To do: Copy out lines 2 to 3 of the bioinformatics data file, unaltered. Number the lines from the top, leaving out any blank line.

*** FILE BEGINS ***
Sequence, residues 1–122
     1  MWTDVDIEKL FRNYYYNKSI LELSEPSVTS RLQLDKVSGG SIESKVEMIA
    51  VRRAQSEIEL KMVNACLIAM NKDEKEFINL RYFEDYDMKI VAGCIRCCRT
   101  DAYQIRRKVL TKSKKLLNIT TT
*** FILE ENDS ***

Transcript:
     1  MWTDVDIEKL FRNYYYNKSI LELSEPSVTS RLQLDKVSGG SIESKVEMIA
    51  VRRAQSEIEL KMVNACLIAM NKDEKEFINL RYFEDYDMKI VAGCIRCCRT